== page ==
White House Begins To Realize It May Have Made A Huge Mistake In Going After Apple Over iPhone Encryption
from the not-the-debate-we-wanted dept
One of the key lines that various supporters of backdooring encryption have repeated in the last year, is that they “just want to have a discussion” about the proper way to… put backdoors into encryption. Over and over again you had the likes of James Comey insisting that he wasn’t demanding backdoors, but really just wanted a “national conversation” on the issue (despite the fact we had just such a conversation in the 90s and concluded: backdoors bad, let’s move on.):
My goal today isn?t to tell people what to do. My goal is to urge our fellow citizens to participate in a conversation as a country about where we are, and where we want to be, with respect to the authority of law enforcement.
And, yet, now we’re having that conversation. Very loudly. And while the conversation really has been going on for almost two years, in the last month it moved from a conversation among tech geeks and policy wonks into the mainstream, thanks to the DOJ’s decision to force Apple to write some code that would undermine security features on the work iPhone of Syed Farook, one of the San Bernardino attackers. According to some reports, the DOJ and FBI purposely chose this case in the belief that it was a perfect “test” case for its side: one that appeared to involve “domestic terrorists” who murdered 14 people. There were reports claiming that Apple was fine fighting this case under seal, but that the DOJ purposely chose to make this request public.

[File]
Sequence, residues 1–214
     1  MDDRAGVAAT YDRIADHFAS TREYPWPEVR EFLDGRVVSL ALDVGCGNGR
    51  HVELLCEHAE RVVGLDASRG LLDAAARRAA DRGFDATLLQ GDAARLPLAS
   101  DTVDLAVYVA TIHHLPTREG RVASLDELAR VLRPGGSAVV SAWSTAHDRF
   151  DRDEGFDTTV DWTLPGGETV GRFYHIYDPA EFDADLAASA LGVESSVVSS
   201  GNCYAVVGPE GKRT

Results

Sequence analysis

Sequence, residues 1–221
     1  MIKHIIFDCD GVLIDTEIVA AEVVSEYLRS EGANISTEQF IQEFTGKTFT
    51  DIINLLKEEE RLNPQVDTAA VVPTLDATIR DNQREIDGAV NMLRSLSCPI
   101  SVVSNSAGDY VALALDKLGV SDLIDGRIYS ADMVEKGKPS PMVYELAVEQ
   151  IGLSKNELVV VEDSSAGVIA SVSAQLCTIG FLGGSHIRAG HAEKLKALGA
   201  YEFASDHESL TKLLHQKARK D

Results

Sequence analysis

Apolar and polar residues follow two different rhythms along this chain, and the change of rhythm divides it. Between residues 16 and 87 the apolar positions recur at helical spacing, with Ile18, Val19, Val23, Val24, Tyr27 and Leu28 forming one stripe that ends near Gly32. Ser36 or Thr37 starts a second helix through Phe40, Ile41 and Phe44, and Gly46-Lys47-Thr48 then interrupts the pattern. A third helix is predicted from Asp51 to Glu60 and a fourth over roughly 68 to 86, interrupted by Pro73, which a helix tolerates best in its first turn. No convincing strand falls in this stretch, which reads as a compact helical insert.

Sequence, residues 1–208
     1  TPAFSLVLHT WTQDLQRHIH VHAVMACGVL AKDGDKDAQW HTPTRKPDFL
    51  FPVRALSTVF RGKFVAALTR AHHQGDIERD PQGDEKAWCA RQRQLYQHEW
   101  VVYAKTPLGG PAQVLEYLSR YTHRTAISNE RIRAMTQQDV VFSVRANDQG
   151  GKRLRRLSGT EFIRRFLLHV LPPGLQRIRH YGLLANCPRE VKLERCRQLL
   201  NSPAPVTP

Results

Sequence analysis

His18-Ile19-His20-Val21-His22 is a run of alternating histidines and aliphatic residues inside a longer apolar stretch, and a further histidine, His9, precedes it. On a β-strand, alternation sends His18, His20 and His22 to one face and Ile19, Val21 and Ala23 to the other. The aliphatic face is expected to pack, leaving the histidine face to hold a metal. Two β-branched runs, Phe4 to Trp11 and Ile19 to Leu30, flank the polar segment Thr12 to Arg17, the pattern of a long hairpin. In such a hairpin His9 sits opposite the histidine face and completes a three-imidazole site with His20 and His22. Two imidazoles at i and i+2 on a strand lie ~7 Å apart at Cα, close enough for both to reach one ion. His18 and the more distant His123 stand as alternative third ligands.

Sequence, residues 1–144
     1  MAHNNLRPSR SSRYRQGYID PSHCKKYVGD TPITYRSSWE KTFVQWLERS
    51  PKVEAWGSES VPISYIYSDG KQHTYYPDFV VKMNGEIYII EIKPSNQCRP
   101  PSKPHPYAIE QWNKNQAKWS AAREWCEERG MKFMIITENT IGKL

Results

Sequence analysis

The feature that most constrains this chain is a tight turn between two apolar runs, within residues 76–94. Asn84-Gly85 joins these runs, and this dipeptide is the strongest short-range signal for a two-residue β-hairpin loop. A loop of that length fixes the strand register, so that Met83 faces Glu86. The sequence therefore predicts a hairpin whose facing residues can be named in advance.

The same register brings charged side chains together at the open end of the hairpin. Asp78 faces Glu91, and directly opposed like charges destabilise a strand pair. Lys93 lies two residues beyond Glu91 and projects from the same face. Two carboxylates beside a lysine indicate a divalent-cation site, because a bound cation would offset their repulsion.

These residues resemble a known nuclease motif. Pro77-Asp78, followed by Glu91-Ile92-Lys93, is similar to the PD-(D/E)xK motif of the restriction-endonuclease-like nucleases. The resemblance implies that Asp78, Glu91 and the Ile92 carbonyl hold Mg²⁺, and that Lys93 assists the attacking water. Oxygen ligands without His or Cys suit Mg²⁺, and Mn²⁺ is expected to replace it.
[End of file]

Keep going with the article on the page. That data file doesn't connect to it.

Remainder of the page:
However, now that this has resulted in just such a “national conversation” on the issue, the DOJ, FBI and others in the White House are suddenly realizing that perhaps the public isn’t quite as with them as they had hoped. And now there are reports that some in the White House are regretting the decision to move forward and are experiencing this well known feeling:
Officials had hoped the Apple case involving a terrorist?s iPhone would rally the public behind what they see as the need to have some access to information on smartphones. But many in the administration have begun to suspect that the F.B.I. and the Justice Department may have made a major strategic error by pushing the case into the public consciousness.
Many senior officials say an open conflict between Silicon Valley and Washington is exactly what they have been trying to avoid, especially when the Pentagon and intelligence agencies are trying to woo technology companies to come back into the government?s fold, and join the fight against the Islamic State. But it appears it is too late to confine the discussion to the back rooms in Washington or Silicon Valley.
While the various public polling on the issue has led to very mixed results, it’s pretty clear that the public did not universally swing to the government’s position on this. In fact, it appears that the more accurately the situation is described to the public, the more likely they are to side with Apple over the FBI. Given that, John Oliver’s recent video on the subject certainly isn’t good news for the DOJ.
Either way, the DOJ and FBI insisted they wanted a conversation on this, and now they’re getting it. Perhaps they should have been more careful what they wished for.